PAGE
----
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What to know about changes for filing your 2021 taxes

The most unique part of this filing season people will have to take into consideration is the advanced child tax credit.

TOLEDO, Ohio — It is never too early to start preparing for getting your taxes done. Local experts say there are a few changes to how you'll file this year you want to be aware of.

Keep an eye on your mail for important documents that will likely arrive in January.

W-2s, 1099s, and dividends are important and any receipts for charitable donations you made throughout 2021. Tax experts recommend keeping all of those documents together in a folder so you do not lose them.

"They'll be getting a W-2 from their employer. They'll be getting 1099s from the bank from interest, dividends, they'll be getting their 1098 for Mortgage interest. Those are all things they want to have," Charles Heid, a tax partner Gilmore, Jasion and Mahl said.

The most unique part of this filing season people will have to take into consideration is the advanced child tax credit.

Many families have already been receiving advanced payments on their credit, which is something they will have to account for when filing.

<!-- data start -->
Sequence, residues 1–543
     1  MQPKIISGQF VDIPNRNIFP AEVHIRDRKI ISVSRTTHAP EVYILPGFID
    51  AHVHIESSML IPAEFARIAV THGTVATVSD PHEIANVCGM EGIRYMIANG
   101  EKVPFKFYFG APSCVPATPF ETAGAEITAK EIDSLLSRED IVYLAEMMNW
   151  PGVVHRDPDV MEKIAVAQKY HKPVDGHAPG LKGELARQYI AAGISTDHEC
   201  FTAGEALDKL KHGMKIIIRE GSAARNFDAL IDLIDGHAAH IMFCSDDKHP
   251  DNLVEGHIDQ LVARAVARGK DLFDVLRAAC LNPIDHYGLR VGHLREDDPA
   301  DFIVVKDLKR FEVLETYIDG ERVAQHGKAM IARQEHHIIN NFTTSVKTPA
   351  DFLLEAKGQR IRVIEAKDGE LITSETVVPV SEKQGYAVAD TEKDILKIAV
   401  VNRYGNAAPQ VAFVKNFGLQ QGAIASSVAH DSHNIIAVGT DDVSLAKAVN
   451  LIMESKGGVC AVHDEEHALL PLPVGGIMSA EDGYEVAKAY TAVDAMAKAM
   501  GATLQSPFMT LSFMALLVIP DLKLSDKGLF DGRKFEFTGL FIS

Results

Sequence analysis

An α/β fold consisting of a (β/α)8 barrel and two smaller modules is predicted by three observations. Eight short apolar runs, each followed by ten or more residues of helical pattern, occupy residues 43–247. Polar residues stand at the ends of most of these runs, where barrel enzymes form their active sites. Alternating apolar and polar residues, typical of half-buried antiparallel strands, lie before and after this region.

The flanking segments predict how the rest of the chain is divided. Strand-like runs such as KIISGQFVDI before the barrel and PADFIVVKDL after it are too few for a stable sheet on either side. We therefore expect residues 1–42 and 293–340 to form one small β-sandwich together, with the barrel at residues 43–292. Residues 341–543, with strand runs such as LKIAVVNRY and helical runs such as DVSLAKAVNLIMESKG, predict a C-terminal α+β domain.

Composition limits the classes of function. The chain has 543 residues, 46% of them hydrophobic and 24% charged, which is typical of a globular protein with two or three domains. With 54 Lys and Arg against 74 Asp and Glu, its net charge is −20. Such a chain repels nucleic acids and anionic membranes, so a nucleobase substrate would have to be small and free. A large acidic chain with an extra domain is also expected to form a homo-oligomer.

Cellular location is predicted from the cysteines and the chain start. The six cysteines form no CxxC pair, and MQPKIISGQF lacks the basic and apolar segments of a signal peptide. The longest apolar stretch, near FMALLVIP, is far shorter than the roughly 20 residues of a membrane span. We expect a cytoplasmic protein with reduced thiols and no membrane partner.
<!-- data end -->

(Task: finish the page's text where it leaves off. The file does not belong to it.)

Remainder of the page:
If you're entitled to more money through that program, it will come back in your return. However, if based on your 2021 income you weren't eligible to get the max on the child tax credit, you will owe money.

Additionally, make sure you factor last year's stimulus check into your taxes and any unemployment benefits you received, which is a little different approach from 2020.

"They passed in March the American rescue plan that exempted 10,200 of unemployment benefits from being taxable. That is not the case for 2021. Unemployment benefits for 2021 are fully taxable. There is no exemption like there was in 2020," Heid said.

If you are planning on filing on your own, there is information on the IRS website that will help you file for free so you do not have to pay for a service.

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